Take the 2-minute tour ×
LEGO® Answers is a question and answer site for LEGO® and building block enthusiasts. It's 100% free, no registration required.

I have a number of models built on gray baseplates that are that are proving to be difficult to store/transport. Lidded plastic bins would be ideal, but I'm having a lot of trouble finding bins with these criteria:

• Flat bottom (no ridges, wheels, etc)
• 15-16" square on the inside bottom, to hold the baseplate
• Approx 6" deep.
• With lid, preferably one that clips shut.

There's one hiccup: I'm in Canada, and Amazon/manufacturers don't seem to ship these items here. Any suggestions of particular bins, or where I could get the ones listed below would be great.

Some bins I have seen and considered, that may work if I can find them:

Lego Dacta X-Large Storage Box (#9920)
http://lego.wikia.com/wiki/9920_Yellow_Storage_Box_with_Lid
- Very hard to find, since they're quite old.

Iris Buckle-Up Box 33 QT BCB-SQ Clear
http://www.shopirisusa.com/buckle-up-box-33-qt-bcb-sq-clear.html
- Best non-Lego one I have seen so far, but I haven't figured out how to get it in Canada.

Really Useful Box 50L
Taller and longer than I'd like, but it could work.

share|improve this question

1 Answer 1

up vote 2 down vote accepted

The two solutions I've seen are to measure the size you want and visit places that sell a variety of storage bins so you can find one the right size. In Australia we have a variety of bins about the size of a milk crate or beer crate (about 12" by 9", from back in the day when those units were relevant). The modern plastic equivalents with solid walls and floor will hold a 48 square baseplate quite well, and are designed to stack.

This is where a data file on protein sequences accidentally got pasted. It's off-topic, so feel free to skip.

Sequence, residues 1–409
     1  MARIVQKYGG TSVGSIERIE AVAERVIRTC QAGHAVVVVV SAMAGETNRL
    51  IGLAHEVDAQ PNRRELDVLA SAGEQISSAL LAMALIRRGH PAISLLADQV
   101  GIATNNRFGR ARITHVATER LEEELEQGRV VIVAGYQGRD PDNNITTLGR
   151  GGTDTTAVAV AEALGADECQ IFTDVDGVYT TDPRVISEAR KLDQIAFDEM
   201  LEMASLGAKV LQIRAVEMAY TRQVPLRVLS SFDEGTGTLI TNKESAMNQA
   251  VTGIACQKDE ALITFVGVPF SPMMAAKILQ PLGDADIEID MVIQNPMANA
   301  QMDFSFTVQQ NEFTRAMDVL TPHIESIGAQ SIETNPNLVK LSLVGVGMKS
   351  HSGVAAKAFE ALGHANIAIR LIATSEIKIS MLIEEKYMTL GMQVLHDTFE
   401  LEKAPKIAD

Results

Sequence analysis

A search for plastic storage container canada suggests that there are chain stores in Canada that sell things like this.

The other solution is to make (or have made) some wooden boxes. A woodworker will be able to cut 6mm or 9mm plywood up and make whatever size box you want and reinforce them a little so they can be stacked. Then you buy chunks of foam and cut them to suit your models. Or just make "bricks" in a range of sizes to pack around random models. The advantage of this is that you get boxes exactly the right size for your models. Using cut to shape foam rather than foam peanuts means that any small parts that fall off are easier to find.

When putting multiple models in one container I prefer to put each in a plastic bag, again so that any parts that come off are easy to find and are associated with a specific model. Opening a big box with several models in it and finding a layer of small parts in the bottom is disheartening not to mention tedious to fix.

share|improve this answer
    
Your input about packing technique is especially helpful. Thanks! –  armoredgear7 Feb 26 at 21:49
    
You're welcome. –  Mσᶎ Feb 26 at 22:01

Your Answer

 
discard

By posting your answer, you agree to the privacy policy and terms of service.

Not the answer you're looking for? Browse other questions tagged or ask your own question.